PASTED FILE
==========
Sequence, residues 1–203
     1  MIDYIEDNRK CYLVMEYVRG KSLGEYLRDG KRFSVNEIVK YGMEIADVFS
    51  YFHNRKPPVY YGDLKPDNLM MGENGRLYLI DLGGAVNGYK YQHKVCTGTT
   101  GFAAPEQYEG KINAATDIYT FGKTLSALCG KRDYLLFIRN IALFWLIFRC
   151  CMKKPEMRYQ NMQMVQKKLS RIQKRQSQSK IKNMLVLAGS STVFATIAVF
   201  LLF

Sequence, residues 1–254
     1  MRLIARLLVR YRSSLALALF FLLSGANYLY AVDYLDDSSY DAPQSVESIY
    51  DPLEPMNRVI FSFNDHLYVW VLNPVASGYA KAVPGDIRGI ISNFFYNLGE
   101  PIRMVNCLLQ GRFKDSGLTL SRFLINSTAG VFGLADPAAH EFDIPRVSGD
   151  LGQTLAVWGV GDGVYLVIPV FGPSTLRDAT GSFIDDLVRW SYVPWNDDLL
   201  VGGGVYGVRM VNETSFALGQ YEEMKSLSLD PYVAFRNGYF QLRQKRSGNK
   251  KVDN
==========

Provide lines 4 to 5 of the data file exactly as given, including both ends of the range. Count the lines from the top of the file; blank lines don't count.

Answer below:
   101  GFAAPEQYEG KINAATDIYT FGKTLSALCG KRDYLLFIRN IALFWLIFRC
   151  CMKKPEMRYQ NMQMVQKKLS RIQKRQSQSK IKNMLVLAGS STVFATIAVF